Sony is selling its PC division, but the consumer electronics giant still has a few more releases to pull off before it completely says goodbye to its Vaio product line. One of these eleventh hour releases is the Vaio Flip 11a, a tablet convertible with an Intel Pentium processor and a Windows 8.1 operating system. Let’s take a closer look, shall we?
Sony’s Vaio Flip 11a – Windows convertible tablet PC
This convertible slate was announced at the last Consumer Electronics Show (CES) and it features an 11.6-inch Full HD, Triluminos display with a 1920 x 1080 pixel resolution. The Vaio Flip 11a packs a 2.16 GHz Intel Pentium N3520 Bay Trail-M quad-core processor with an Intel HD Graphics processor, 4 GB of DDR3L RAM, and a 128 GB SSD. Other features include an Exmor R HD webcam, an 8 MP Exmor RS rear-facing camera, an HDMI output port, a USB 3.0 port with charging capabilities, an SD card slot, NFC, and WiFi b/g/n and Bluetooth 4.0 connectivity. It packs a lithium polymer battery that can reportedly supply up to 5 hours of up time on a single charge.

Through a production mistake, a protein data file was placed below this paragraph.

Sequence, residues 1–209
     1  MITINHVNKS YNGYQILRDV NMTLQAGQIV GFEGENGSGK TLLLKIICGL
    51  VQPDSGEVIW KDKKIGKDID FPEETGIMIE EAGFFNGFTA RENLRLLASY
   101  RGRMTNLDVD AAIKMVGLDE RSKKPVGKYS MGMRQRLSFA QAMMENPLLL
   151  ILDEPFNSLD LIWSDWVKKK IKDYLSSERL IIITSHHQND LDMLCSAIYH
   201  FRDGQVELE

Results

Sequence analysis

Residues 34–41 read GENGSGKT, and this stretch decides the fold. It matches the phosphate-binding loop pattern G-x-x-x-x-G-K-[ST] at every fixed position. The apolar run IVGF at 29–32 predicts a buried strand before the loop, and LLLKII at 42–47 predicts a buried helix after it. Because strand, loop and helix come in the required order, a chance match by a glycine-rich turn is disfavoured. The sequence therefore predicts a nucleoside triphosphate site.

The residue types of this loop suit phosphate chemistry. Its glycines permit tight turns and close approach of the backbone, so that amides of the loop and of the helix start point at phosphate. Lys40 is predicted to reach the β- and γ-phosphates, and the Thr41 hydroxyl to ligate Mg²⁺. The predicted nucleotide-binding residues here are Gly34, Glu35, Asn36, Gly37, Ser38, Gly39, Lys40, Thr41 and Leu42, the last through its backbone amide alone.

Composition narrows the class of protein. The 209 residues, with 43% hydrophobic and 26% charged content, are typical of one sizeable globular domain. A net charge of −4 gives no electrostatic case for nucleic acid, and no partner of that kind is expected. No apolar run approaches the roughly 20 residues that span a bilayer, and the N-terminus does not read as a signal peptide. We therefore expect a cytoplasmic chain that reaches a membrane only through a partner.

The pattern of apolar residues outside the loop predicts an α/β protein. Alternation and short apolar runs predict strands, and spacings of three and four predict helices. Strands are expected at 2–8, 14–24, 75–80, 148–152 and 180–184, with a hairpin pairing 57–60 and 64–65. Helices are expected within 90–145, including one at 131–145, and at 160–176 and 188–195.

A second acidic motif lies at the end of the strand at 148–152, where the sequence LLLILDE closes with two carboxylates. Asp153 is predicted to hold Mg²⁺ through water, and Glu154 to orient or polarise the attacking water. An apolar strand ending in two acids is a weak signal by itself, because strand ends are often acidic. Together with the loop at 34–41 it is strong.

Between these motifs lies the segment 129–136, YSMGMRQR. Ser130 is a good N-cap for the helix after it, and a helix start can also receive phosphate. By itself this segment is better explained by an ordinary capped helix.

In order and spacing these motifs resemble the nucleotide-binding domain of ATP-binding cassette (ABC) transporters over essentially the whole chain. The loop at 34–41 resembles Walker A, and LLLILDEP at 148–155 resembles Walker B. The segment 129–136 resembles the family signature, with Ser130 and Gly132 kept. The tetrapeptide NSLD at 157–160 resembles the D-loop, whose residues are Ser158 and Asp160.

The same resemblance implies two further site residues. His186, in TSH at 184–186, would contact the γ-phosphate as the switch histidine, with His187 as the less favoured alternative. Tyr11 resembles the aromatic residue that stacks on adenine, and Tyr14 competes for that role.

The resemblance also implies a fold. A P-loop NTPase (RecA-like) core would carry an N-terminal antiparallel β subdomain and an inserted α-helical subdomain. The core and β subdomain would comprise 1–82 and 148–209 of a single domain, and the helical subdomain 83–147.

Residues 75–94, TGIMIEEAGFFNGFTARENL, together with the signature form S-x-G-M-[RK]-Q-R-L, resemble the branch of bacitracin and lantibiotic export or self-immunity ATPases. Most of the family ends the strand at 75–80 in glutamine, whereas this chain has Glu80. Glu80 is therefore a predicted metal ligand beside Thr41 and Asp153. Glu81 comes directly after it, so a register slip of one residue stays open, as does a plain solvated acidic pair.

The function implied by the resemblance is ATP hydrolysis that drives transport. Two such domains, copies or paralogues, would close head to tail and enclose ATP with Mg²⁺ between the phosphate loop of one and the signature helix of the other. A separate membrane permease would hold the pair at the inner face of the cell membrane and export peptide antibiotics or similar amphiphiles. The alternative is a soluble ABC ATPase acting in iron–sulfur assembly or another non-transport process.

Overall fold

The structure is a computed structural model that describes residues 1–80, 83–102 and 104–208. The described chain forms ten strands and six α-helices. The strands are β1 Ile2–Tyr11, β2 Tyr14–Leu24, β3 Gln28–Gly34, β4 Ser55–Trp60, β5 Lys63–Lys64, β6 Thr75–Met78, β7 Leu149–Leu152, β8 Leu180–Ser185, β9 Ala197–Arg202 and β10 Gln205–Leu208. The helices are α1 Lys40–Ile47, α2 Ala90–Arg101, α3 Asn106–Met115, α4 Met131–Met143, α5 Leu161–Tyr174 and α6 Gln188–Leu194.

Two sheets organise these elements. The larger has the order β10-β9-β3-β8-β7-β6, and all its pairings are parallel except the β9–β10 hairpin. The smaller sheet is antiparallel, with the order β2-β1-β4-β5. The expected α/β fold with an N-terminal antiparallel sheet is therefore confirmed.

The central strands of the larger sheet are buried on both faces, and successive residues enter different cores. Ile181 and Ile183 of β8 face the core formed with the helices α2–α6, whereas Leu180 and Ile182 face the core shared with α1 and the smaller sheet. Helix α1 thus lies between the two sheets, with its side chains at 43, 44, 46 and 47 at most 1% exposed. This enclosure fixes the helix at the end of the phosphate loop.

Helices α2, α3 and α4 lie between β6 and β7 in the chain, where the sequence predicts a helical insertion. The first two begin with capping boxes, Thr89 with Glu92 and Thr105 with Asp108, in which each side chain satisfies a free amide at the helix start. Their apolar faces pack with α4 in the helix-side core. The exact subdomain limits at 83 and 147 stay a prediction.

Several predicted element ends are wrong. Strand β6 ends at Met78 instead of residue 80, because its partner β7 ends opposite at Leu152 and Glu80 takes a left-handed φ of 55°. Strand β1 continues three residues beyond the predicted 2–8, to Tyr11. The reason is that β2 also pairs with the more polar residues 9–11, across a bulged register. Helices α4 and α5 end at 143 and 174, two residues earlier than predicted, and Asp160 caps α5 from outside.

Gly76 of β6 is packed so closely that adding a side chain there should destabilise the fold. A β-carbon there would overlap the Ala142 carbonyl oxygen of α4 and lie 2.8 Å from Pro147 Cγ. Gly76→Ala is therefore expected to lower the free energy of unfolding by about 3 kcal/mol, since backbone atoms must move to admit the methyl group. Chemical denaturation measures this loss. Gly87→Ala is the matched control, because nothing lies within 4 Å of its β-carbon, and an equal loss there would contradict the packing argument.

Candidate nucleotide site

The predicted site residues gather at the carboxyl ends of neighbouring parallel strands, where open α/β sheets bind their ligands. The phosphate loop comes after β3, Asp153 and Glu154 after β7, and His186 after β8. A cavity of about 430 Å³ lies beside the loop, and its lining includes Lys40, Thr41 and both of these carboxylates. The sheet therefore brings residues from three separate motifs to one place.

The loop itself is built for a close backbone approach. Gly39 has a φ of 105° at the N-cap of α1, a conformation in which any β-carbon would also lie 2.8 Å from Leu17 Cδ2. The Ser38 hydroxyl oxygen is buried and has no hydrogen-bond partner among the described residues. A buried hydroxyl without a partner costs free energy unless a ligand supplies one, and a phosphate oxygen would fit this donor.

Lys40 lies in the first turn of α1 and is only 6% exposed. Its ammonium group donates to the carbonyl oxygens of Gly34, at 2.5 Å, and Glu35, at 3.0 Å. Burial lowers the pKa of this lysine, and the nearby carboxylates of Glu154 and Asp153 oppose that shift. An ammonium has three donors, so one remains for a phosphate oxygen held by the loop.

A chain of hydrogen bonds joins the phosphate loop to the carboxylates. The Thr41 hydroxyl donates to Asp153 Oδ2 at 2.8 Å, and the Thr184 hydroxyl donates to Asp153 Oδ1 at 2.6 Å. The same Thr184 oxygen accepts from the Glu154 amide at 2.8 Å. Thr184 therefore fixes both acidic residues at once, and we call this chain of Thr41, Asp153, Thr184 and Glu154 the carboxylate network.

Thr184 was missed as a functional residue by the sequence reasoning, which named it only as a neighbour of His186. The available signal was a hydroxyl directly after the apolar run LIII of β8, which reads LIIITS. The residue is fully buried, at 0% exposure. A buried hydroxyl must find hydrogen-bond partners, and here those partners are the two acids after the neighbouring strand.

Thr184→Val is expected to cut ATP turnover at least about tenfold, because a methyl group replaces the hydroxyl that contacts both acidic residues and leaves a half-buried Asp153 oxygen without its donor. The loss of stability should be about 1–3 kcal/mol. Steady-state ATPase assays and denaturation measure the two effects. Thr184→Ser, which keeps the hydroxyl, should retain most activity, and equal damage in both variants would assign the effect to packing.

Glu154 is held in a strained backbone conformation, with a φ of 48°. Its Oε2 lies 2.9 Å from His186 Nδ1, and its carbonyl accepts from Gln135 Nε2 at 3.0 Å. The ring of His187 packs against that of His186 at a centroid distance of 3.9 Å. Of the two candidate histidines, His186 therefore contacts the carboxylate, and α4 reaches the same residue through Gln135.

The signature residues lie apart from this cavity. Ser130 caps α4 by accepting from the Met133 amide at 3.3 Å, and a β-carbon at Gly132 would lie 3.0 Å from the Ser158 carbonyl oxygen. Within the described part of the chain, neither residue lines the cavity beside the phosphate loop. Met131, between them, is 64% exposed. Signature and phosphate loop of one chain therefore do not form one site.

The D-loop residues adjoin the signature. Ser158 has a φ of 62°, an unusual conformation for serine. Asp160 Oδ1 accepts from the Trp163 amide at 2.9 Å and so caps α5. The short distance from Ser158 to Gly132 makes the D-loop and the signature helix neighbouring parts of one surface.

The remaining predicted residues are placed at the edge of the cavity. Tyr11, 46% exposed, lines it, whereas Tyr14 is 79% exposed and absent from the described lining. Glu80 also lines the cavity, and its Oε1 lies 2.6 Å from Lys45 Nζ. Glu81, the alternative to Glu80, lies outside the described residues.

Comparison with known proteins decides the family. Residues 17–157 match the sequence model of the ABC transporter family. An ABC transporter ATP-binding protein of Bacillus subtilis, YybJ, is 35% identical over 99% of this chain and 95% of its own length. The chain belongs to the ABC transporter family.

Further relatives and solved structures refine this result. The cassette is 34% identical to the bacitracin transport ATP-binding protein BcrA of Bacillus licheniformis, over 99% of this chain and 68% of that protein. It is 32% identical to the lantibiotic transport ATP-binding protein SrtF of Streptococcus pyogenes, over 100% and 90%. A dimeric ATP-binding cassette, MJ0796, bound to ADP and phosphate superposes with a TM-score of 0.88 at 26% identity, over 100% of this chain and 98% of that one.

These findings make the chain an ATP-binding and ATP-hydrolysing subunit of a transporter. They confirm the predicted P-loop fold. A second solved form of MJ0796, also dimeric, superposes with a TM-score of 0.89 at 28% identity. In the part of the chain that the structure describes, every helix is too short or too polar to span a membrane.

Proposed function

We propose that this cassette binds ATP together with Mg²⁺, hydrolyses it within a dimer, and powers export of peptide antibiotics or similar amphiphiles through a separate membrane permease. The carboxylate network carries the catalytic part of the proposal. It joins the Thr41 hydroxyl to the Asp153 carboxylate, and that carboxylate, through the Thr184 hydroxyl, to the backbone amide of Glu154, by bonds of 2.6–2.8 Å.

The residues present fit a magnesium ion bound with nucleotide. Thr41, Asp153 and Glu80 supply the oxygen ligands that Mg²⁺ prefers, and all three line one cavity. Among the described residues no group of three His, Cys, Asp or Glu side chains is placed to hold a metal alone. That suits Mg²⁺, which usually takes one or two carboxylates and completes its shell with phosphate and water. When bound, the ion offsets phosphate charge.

As the name suggests, the screen flips to switch in between notebook and tablet modes. To get tablet PC mode, you flip the screen to face away from the keyboard and fold it down to cover the keys. This baby also features an active digitizer from N-Trig, so you can use the pressure sensitive Vaio Active Pen to draw and write on the slate.
Software-wise, the Flip 11a ships out with Windows 8.1 64-bit and other applications like VAIO Care, ArtRage Studio, and Adobe Photoshop, among other things.
Pricing and Availability
The Vaio Flip 11a is already available at Sony’s online store, and it retails for US $799. According to reports, a higher end version is in the works with 8 GB of RAM and an Intel i7 processor, but we’ll have to wait for further announcements for that powerhouse.
So what do you think? It’s a tempting offer, but one that is hampered by a paltry 5 hour battery life and the fact that you can probably find better and possibly cheaper tablet PC convertibles out there. If you don’t mind those two things though, it seems like a solid convertible tablet – at least on paper.